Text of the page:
Wm. B. Eerdmans Publishing, Mar 3, 2008 - Religion - 408 pages
In this commentary James McKeown treats Genesis as a book of beginnings and a foundational sourcebook for biblical theology. He begins with exegesis of the Hebrew text, highlighting the recurrence of key words, phrases, and themes throughout the book. He also draws attention to passages particularly pertinent to earlier readers either facing or returning from exile, offering a historical context outside a solely Christian perspective.
The second half of the book unpacks the numerous theological horizons of Genesis -- main unifying themes (descendants, blessing, land); key theological teachings of Genesis (creation, fall, character and image of God, life of faith); and the contribution of Genesis to theology today, including its impact on science, ecology, and feminist theology.
McKeown's Genesis provides a solid examination of a scriptural book that reflects the struggles and hopes of its readers -- ancient and modern -- and offers encouragement for their walk with God.
What people are saying - Write a review
Reviews aren't verified, but Google checks for and removes fake content when it's identified
User Review - Daniel Pollin - Christianbook.com
Having been tutored by James McKweon in the Old testament it is a joy to see his pastoral warmth, fantastic grip of the Hebrew language and faithfulness to the biblical text shine through in this ... Read full review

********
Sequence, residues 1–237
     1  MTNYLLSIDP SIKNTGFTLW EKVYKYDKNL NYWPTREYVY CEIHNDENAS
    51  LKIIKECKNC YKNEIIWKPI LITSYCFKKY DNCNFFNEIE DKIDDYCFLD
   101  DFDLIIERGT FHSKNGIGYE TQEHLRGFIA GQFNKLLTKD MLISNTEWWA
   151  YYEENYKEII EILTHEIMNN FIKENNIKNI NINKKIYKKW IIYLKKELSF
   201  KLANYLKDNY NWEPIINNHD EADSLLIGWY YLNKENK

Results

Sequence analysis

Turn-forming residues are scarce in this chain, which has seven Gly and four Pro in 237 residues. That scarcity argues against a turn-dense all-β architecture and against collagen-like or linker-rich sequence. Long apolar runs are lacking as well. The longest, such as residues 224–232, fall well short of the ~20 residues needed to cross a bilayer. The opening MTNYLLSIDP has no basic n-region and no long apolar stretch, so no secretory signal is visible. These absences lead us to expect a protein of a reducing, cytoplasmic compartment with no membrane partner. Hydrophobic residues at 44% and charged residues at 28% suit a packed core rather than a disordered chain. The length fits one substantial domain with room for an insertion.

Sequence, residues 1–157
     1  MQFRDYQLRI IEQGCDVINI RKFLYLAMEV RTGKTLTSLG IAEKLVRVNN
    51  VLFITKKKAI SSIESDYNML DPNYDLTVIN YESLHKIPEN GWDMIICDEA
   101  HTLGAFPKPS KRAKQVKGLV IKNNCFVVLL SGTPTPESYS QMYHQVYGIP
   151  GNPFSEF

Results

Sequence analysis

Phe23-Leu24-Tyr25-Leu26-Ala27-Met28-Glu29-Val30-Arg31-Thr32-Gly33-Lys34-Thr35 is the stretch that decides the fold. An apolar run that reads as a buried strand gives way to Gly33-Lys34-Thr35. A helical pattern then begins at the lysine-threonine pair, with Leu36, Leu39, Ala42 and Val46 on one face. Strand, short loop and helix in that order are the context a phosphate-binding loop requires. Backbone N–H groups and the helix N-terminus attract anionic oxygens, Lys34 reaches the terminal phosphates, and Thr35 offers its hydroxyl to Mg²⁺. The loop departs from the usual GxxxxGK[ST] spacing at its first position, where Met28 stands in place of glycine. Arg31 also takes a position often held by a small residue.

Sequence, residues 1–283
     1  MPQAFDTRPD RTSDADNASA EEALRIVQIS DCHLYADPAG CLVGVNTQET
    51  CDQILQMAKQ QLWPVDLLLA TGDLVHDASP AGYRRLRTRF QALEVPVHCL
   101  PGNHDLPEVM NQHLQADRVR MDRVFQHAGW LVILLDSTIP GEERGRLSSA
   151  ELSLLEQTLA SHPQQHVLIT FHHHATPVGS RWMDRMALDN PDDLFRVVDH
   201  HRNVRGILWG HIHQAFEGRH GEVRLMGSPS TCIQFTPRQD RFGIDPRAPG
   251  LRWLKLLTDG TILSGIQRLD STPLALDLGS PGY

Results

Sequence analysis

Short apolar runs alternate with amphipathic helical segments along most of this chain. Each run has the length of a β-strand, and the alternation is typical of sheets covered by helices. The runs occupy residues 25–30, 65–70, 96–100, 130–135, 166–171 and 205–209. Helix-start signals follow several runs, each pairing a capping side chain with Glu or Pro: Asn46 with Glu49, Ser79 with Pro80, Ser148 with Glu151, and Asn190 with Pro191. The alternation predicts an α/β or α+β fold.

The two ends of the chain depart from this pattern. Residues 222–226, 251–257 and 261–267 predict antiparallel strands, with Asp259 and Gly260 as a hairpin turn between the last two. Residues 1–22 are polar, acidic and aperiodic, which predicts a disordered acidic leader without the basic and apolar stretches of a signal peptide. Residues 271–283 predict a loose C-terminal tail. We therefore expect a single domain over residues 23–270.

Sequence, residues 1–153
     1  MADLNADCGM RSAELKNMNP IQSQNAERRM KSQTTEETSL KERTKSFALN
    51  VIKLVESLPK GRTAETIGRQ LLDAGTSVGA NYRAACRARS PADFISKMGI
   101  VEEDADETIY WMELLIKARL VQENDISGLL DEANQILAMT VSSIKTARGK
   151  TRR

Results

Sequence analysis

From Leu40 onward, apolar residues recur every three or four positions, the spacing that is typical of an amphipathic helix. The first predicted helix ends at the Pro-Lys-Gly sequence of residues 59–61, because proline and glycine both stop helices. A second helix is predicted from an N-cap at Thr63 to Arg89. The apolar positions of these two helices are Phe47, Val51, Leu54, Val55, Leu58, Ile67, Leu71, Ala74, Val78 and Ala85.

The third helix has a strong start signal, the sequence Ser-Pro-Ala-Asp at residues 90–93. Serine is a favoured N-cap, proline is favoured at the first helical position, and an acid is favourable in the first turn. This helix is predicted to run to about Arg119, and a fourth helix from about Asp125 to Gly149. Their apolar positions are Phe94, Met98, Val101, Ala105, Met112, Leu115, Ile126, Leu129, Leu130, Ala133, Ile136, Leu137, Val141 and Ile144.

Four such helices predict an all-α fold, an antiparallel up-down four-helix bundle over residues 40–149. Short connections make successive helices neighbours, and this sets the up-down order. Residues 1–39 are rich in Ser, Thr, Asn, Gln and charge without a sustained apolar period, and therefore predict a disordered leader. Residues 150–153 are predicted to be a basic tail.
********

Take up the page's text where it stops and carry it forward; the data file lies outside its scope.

Theological Horizons of Genesis
Genesis and Theology Today
Genesis and Biblical Theology
Other editions - View all
Common terms and phrases
Abraham Abram accept Adam ancient animals appear approach argues become beginning believe Bible biblical blessing bring brothers Cain called Canaan chapter Christian clear clearly close concept context continued contrast covenant created creation creatures cursing death descendants described divine earth Egypt emphasizes Esau evidence faith famine father fertility flood garden Genesis give given God’s ground Hebrew highlights human idea important interpretation Isaac Israel Jacob Joseph Judah king Laban land leads leave linked living Lord means mentioned narrative Noah occurs offspring original passage patriarchs person present probably promises pronounced protection provides question readers receive reference reflected relation relationship rest role Sarah Sarna seed seems shows significant similar sons story suggests theme translated verb woman Yahweh